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Every time Texas motorcyclists get out on the roads, they face dangers that vehicle occupants are not exposed to. The state is doing its part to reduce these dangers through a safety campaign to remind drivers to “Share the road: Look twice for motorcycles,” reports Fox 7 Austin News.

The Texas Department of Transportation runs the awareness program each May as part of Motorcycle Awareness Month, and statistics show that it has affected the rate of motorcycle crashes in the state. According to data, motorcycle deaths are down by 17%. Even with that significant reduction, though, there were 417 motorcyclist deaths in 2018. Injury statistics are still high, too, with more than 1,000 motorcyclists sustaining serious injuries this past year.

More than 50% of motorcycle crashes involve a passenger or commercial vehicle, and most of these occur when a driver misjudges the motorcycle speed or distance and makes a left-hand turn in front of the rider.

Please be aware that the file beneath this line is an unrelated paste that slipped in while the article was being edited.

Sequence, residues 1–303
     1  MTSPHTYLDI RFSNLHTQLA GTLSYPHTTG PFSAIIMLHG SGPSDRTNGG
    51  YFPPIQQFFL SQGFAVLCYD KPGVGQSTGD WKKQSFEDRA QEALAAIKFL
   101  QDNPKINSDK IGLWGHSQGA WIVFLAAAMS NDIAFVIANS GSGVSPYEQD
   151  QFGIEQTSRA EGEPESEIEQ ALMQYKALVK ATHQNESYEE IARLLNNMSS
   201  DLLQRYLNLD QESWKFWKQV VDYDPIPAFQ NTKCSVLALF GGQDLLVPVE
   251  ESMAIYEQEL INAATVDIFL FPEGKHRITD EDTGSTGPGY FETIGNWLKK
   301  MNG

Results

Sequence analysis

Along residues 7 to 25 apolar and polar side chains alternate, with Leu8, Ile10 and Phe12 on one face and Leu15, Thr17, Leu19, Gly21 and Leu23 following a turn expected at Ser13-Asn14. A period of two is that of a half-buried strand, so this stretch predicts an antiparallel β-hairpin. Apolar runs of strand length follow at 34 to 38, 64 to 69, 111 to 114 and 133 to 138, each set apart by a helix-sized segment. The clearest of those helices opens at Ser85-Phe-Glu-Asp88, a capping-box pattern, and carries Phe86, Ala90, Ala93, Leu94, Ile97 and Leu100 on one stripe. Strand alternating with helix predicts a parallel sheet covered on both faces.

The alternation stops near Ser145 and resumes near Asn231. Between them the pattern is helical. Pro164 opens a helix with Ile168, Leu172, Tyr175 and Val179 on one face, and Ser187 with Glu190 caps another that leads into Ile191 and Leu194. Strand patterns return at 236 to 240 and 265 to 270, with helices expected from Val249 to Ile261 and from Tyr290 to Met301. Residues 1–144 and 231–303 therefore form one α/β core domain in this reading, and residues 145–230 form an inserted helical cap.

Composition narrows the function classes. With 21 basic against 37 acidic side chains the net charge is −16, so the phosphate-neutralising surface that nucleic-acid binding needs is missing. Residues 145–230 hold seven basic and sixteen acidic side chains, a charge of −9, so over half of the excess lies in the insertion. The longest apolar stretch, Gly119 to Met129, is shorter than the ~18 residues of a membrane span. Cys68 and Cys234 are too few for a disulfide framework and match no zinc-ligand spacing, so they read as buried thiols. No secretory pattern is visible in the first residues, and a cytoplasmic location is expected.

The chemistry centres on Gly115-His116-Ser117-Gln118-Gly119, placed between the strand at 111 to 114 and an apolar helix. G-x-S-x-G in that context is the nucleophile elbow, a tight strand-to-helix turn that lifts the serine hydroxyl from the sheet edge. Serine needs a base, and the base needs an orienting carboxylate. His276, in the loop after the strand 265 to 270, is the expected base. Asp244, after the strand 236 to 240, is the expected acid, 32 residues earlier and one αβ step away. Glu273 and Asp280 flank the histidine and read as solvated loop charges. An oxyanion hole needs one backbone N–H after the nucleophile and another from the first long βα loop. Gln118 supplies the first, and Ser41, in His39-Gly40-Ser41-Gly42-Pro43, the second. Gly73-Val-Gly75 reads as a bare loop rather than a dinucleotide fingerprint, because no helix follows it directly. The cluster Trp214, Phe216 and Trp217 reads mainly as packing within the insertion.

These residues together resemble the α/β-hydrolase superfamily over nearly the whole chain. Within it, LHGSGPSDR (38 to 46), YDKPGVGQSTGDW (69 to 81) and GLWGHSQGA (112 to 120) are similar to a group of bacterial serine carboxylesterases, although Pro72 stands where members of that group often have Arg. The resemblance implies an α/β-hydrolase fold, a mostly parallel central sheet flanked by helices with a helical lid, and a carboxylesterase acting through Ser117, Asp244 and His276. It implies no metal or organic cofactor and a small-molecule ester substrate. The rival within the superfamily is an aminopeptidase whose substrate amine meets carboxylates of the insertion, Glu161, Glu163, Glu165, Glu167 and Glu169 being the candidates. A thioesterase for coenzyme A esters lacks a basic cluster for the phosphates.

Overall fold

Why are these crashes so common? According to Road & Track, research shows that it is because a person’s eyes do not always transmit the image of a motorcycle to the brain. The brain creates “shortcuts” rather than cataloging every detail of the world within the range of vision to prevent sensory overload. If the brain does not expect to see a motorcycle because the person is only actively watching for movement the size of a car, the driver literally will not see the motorcycle.

The solution to this is to continue to remind drivers to actively watch for motorcycles. If drivers do this, they are much more likely to register the presence of a motorcycle and avoid causing a catastrophic accident.